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Buzzcocks bring their 40th anniversary tour to NYC’s Irving Plaza

The British rock veterans performed one power-pop gem after another at their terrific show in New York City on Saturday, October 1st.
The Buzzcocks played a phenomenal set of their greatest hits in New York City on Saturday, October 1st. (Photo by Ian Rook)

The Buzzcocks played a phenomenal set of their greatest hits in New York City on Saturday, October 1st. (Photo by Ian Rook)

By John Curley

The most striking thing about The Buzzcocks’ greatest-hits set that they performed at Irving Plaza in New York City on Saturday, October 1st to mark their 40th anniversary was that it made those present realize just how many power-pop gems the Mancunians have produced over their four decades. And the songs were delivered at a frenetic pace, with barely a pause for breath before they tore into their next classic. Twenty-one songs were performed in The Buzzcocks’ 75 minutes onstage. The crowd moshing in front of the stage helped to create an amazing atmosphere for the show. The Buzzcocks are comprised of founding members Pete Shelley (guitar, vocals) and Steve Diggle (guitar, vocals) as well as Chris Remington (bass) and Danny Farrant (drums).

The Philadelphia-based trio Residuels opened the show. Unfortunately, I was delayed in getting to the venue and only heard the last minute or so of their final song. But the crowd did give them quite a hand at the end of their set.

The Buzzcocks took the stage promptly at 8:30 p.m. and ripped right into “Boredom.” The crowd was very much into it. This was followed by the short and sharp “Fast Cars.” The first huge reaction from the crowd of the night went to “I Don’t Mind.” It was as close to power-pop perfection as possible.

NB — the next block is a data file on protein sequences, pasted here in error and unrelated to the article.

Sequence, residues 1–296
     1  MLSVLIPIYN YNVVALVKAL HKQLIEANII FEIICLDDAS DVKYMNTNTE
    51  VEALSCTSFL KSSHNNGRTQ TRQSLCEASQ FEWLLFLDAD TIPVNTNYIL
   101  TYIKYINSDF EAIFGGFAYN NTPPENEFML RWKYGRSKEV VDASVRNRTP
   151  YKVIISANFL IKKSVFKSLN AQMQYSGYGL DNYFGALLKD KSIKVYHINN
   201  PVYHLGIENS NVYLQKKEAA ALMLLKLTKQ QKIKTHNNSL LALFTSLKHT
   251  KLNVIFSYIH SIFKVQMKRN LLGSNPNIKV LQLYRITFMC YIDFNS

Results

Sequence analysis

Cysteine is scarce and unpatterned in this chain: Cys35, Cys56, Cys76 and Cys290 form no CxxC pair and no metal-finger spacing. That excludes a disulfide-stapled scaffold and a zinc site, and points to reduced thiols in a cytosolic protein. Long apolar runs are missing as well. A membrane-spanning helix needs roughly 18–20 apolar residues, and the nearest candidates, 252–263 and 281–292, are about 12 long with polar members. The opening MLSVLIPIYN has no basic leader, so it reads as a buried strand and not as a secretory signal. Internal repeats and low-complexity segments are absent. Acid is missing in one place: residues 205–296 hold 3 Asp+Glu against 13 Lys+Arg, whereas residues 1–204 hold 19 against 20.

Diggle did the lead vocals and provided great guitar work on “People Are Strange Machines.” There was great interplay between Diggle and Shelley during “Autonomy,” which received a big cheer from the crowd. Diggle again took on lead-vocal duties on the terrific “Why She’s The Girl From The Chainstore.”

“Moving Away From The Pulsebeat” was another highlight of the show, and it featured fantastic drumming by Farrant. The extended version of “Nothing Left” featured both Diggle’s fantastic guitar work as well as his famous rock star poses. Is there a musician that enjoys their job more than Steve Diggle? I doubt it.

“Sick City Sometimes” and “It’s Not You” both got the crowd charged up. Then, the crowd erupted with the first chords to “Love You More,” and they sang along with the “Oh Ohhh!” bit. The band then segued into “Promises” which drove the crowd into a frenzy as many in the house sang along to the song at full volume. The mosh pit seemed to pick up steam with “Noise Annoys” as Diggle appeared to be egging the moshers on with his antics. “You Say You Don’t Love Me” got a massive reaction, as the crowd sang along and the mosh pit seemed to grow in size and become even more active. “Time’s Up” was a terrific way to end the main set, with the band feeding off of the crowd’s amazing energy as the mosh pit raged.

The brief interval between the main set and the encore seemed necessary to let the moshers settle down a bit and catch their breath. But as soon as The Buzzcocks returned to the stage, the mosh pit seemed larger than ever and the crowd danced and sang along to “What Do I Get?” The snarky “Orgasm Addict” made the mosh pit even more active. And “Ever Fallen In Love (With Someone You Shouldn’t’ve)” was incendiary and created further mayhem as the moshers grew more active and few crowd surfers took their chances.

The final song of the night, “Harmony In My Head,” was an extended version. Diggle and Shelley seemed to be having a blast performing the song as the crowd was going bonkers and singing along. At one point, Diggle picked up his mic stand and roamed the stage with it over his shoulders, pointing the mic end toward the crowd, and imploring them to sing along. Diggle was sporting a big grin as the mosh pit was going absolutely berserk. It was quite a sight to behold, and an absolutely brilliant end to the show. The band remained onstage for a few minutes after the conclusion of the show to shake hands with and high five members of the ecstatic crowd at the front of the stage.

Four decades have done nothing to dull The Buzzcocks’ edge. They remain a must-see act in concert. The New York City show was the finale of The Buzzcocks’ North American tour. They will be playing dates in the UK for the remainder of October. Full tour dates can be found at

The Buzzcocks’ set list at Irving Plaza in New York City on Saturday, October 1st was as follows:
Fast Cars
Totally From The Heart
I Don’t Mind
People Are Strange Machines
What Ever Happened To?
Why She’s A Girl From The Chainstore
Moving Away From The Pulsebeat
Nothing Left
Sick City Sometimes
It’s Not You
Love You More
Noise Annoys
You Say You Don’t Love Me
Time’s Up

What Do I Get?
Orgasm Addict
Ever Fallen In Love (With Someone You Shouldn't've)
Harmony In My Head